First of May in France
La Fête du Travail, Labour Day, or May Day is a public holiday observed on May 1st in many countries all over the world, including France. It’s the International Workers Day that started back in 19th century in the United States with a demand for an eight-hour workday. In France, it is also a day to honor workers rights, but it has another significance as well: it is a day to offer a lily of the valley flowers to the loved ones!
In France, May 1st is actually the only public holiday of the year when employees are legally obliged to receive a day off. The eight-hour working day was introduced in 1919 in France but even today trade unions regularly organize parades all over the country to fight for workers’ rights and justice every year. First of May in France is also referred to as La Fête du Muguet - Lily of the Valley Day. People traditionally give flowers to the loved ones, especially in Paris. This tradition goes back to as far as 1560s, when king Charles IX of France was given a lily of the valley flowers as a present on the first of May. King Charles liked the gift and the flowers so much, that he started the tradition of presenting the ladies of his court with lily flowers each year on May 1st. It has no connection to the workers’ right, as the tradition began way before the trade union even existed, but it has a different, romantic meaning that falls on the same day. If you happen to be in France on the first of May, make sure to get a flower to your loved one, but also - don’t stay in work for more than eight hours! :)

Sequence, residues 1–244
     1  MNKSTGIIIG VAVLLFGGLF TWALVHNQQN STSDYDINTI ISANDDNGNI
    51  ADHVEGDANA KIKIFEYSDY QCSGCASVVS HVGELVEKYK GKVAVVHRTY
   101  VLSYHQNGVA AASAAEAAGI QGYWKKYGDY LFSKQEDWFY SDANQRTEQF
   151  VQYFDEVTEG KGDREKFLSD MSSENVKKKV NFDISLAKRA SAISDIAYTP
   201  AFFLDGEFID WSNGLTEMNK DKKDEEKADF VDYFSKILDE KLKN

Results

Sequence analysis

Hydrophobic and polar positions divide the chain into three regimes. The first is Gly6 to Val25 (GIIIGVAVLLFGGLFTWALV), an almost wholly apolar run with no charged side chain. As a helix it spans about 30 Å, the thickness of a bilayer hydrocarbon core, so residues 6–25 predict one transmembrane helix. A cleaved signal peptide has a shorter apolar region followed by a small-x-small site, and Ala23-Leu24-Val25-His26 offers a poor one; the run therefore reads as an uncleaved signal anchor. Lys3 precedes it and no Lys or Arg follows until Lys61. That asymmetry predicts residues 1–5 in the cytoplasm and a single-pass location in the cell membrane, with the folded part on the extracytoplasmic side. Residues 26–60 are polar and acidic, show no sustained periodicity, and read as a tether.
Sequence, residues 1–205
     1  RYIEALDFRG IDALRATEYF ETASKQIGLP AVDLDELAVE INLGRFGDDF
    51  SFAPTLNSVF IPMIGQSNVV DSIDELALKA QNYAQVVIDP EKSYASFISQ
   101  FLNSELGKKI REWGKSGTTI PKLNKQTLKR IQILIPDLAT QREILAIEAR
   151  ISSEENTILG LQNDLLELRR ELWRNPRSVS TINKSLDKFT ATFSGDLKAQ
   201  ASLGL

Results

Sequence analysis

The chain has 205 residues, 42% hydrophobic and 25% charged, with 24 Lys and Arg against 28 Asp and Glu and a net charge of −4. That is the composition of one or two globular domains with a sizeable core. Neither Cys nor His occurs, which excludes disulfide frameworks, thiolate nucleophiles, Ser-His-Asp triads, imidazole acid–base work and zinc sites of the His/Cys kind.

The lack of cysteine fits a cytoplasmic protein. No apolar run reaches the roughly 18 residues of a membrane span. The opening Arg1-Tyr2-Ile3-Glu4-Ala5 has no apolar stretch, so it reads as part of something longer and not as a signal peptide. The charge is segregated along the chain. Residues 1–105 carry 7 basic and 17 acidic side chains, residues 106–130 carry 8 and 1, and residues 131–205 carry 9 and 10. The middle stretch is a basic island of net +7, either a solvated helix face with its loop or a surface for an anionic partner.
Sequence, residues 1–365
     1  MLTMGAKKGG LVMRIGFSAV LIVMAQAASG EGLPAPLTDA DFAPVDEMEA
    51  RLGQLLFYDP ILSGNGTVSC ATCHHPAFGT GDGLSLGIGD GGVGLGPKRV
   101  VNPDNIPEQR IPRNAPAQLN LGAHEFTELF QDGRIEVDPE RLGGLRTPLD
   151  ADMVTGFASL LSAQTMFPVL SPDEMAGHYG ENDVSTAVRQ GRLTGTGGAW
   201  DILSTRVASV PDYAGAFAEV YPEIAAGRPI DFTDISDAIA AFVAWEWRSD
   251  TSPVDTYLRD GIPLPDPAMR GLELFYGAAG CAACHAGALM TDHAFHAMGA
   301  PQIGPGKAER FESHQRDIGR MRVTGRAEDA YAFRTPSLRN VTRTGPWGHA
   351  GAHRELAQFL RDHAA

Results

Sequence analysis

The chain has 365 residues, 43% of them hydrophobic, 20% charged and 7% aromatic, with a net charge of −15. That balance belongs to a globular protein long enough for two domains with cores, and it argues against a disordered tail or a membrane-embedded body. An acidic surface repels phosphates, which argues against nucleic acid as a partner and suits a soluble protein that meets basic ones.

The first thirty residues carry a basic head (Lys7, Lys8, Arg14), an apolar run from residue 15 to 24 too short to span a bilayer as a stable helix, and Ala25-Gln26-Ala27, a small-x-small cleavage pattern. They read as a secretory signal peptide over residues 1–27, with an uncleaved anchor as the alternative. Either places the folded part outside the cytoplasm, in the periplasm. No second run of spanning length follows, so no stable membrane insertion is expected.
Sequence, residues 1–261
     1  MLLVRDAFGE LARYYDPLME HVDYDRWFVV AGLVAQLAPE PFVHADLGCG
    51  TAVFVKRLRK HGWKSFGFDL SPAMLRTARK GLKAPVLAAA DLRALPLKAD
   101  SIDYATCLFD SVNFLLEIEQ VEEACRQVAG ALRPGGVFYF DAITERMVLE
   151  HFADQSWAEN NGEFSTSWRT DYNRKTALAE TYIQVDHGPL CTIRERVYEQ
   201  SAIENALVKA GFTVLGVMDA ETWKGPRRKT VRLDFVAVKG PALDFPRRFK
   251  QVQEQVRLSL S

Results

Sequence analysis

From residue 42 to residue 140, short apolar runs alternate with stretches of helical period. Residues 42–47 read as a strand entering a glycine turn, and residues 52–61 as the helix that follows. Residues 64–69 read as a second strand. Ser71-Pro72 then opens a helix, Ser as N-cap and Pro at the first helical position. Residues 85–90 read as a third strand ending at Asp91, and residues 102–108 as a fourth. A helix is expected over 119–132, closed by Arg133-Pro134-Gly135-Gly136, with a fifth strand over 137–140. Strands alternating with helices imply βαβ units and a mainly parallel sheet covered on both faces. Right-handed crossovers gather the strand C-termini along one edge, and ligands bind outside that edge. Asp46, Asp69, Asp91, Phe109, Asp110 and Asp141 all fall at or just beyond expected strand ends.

-Dominika, thanks for your contribution!
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